Epilepsy and Seizures: Excitotoxicity or Excitotrophicity?

  • Karen Gale


Excitotoxic neuronal death has been clearly documented in the adult brain following status epilepticus (SE), a state of uninterrupted seizure activity that may last for hours. The severity and duration of SE determine the extent of neuronal injury; in most animal models damage is observed with durations of one hour or longer. Severity, duration and rate of onset may also influence the extent to which the neuronal death is mediated by apoptotic or necrotic processes. In contrast to the adult brain, the immature brain is resistant to SE-induced damage; nevertheless long-term deleter ious effects of SE have been observed in animals that experienced SE in infancy without exhibiting neuronal loss. Likewise, in adult animals, long-term abnormalities such as spontaneous seizures have been documented following SE even under conditions in which the brain was protected from damage. This suggests that SE-induced excitotoxic injury is not required for the development of long-term disrupt ion of neuronal function in the aftermath of SE. In contrast to SE, recurrent intermittent brief seizures such as those typically associated with epilepsy, do not necessar ily cause neuronal inj ury. In patients with epilepsy it is often difficult to determine whether brain lesions are a cause or consequence of the seizure condition; little or no injury has been observed with chronic brief seizures in several animal models. In fact, exposure to repeated brief noninjurious seizures has been shown to exert a neuroprotective action, possibly as a consequence of induction of expression of neurotrophic factors. This “excitotrophic” effect of seizures extends beyond protection against SE-induced injury to include protection in models such as adrenalectomy-induced granule cell death. It is therefore possible that seizures may serve to protect against neurodegeneration and promote regrowth and remodeling in the face of insults to the nervous system. Thus, seizures can span a spectrum from trophic and adaptive to toxic and maladaptive, depending upon the conditions of their occurrence and the extent to which they are regulated. In this context, seizures may be analogous to fever: adaptive and protective in specific settings, with the capacity to become maladaptive and injurious in their own right if they develop into SE or a long lasting epileptic condition.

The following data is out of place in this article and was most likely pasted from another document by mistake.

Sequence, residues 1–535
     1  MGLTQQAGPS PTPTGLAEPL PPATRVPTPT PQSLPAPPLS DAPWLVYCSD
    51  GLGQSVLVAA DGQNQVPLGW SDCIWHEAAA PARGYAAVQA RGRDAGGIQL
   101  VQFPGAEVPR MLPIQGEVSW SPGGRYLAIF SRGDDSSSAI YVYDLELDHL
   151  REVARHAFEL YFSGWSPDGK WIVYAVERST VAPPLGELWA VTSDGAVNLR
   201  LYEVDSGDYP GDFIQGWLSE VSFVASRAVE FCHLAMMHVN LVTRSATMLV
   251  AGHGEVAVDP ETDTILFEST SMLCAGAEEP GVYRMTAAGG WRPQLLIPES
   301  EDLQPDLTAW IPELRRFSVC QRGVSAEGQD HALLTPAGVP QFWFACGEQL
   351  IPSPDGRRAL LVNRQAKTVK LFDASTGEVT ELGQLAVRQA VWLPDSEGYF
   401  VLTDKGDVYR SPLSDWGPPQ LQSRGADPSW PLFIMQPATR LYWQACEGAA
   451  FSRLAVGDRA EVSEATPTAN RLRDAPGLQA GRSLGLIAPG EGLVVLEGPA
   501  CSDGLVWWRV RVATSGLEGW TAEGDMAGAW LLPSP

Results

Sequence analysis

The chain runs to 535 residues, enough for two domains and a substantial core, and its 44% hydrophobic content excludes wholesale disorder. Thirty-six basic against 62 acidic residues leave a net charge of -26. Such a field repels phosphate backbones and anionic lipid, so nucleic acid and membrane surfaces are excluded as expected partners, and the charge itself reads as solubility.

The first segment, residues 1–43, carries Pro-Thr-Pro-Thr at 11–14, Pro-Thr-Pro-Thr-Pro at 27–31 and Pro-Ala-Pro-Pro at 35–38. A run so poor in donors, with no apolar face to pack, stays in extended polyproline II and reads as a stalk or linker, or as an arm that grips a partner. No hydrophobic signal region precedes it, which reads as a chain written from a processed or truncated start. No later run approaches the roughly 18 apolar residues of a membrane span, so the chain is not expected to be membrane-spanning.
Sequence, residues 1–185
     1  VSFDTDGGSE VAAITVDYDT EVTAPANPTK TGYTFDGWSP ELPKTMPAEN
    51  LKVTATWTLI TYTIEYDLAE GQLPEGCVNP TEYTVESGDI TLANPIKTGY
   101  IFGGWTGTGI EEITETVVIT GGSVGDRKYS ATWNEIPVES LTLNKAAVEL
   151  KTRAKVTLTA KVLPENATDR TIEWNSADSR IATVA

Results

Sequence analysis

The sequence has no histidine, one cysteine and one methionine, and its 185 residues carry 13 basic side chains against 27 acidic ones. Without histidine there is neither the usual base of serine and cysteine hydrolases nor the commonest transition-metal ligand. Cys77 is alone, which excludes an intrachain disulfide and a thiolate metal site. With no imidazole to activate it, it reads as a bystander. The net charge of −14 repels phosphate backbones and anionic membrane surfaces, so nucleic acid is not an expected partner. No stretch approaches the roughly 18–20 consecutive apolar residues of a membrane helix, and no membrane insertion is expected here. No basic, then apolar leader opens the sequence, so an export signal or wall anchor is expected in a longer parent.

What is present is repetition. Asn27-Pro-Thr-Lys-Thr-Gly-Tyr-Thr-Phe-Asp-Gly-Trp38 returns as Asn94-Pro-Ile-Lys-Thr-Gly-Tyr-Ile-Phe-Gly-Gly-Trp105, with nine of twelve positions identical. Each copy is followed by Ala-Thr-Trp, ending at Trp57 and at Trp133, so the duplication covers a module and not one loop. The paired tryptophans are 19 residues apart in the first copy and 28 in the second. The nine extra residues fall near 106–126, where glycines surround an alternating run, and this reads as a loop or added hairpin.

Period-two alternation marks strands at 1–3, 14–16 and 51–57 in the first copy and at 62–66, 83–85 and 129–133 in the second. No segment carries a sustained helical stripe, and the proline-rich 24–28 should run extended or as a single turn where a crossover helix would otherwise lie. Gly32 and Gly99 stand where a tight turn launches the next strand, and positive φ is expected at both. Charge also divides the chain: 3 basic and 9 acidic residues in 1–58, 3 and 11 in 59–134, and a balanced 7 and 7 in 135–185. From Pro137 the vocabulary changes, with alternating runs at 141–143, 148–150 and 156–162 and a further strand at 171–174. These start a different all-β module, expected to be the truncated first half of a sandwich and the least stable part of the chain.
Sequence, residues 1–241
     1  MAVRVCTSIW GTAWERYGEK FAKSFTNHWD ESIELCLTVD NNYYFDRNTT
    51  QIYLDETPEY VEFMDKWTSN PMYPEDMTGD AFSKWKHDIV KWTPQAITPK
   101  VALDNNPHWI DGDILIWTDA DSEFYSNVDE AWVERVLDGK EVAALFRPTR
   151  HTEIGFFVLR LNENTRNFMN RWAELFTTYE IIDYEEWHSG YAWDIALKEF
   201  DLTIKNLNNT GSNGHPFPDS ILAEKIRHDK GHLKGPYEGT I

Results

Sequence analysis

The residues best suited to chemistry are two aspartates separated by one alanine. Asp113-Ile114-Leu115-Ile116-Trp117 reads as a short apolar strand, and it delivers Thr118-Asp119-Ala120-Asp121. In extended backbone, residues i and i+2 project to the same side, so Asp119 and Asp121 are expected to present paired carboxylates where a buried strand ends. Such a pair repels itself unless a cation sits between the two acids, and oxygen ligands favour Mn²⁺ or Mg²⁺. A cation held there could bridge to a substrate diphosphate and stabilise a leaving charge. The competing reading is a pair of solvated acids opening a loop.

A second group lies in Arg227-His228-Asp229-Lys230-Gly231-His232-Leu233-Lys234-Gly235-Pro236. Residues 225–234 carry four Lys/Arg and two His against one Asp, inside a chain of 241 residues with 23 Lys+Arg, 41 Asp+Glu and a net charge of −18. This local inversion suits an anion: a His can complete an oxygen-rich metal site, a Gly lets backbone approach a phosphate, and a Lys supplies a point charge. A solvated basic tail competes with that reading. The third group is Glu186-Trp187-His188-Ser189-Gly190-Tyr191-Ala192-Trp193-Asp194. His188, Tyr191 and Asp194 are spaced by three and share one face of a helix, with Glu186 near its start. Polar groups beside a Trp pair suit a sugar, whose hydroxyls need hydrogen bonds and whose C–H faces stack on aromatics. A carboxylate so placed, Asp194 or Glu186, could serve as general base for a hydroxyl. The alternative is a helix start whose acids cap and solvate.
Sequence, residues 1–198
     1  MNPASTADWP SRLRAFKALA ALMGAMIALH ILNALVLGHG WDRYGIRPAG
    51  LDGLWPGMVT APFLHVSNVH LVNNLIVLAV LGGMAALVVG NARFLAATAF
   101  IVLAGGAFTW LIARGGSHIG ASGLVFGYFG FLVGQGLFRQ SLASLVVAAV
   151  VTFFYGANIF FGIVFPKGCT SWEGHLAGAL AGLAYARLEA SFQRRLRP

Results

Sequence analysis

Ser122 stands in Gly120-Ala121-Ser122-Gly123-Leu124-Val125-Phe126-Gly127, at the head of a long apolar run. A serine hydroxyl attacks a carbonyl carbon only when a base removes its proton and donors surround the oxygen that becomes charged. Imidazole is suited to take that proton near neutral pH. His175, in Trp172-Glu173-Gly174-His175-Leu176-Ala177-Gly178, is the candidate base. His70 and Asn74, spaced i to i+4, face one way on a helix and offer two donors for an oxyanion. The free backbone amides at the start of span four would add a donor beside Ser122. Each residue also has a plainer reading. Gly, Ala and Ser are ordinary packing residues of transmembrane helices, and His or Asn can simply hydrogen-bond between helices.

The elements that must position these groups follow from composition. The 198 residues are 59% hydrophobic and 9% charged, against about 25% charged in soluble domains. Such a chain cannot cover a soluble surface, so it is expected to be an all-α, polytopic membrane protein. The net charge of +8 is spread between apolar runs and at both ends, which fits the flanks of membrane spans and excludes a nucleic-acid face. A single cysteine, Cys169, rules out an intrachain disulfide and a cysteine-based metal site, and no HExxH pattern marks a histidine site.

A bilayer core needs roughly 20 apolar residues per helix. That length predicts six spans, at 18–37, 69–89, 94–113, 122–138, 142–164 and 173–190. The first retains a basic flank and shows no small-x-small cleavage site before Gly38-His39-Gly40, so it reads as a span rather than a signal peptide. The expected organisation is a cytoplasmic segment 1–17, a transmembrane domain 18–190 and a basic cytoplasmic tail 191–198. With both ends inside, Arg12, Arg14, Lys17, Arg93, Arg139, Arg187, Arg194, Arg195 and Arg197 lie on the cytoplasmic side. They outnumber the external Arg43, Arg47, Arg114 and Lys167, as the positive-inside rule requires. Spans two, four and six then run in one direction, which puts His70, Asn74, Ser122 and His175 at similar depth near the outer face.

seizures limbic system status epilepticus neuroprotection neurotrophic factors apoptosis electroconvulsive shock immature brain 


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Copyright information

© Springer Science+Business Media New York 2004

Authors and Affiliations

  • Karen Gale
    • 1
  1. 1.Department of PharmacologyGeorgetown UniversityWashingtonUSA

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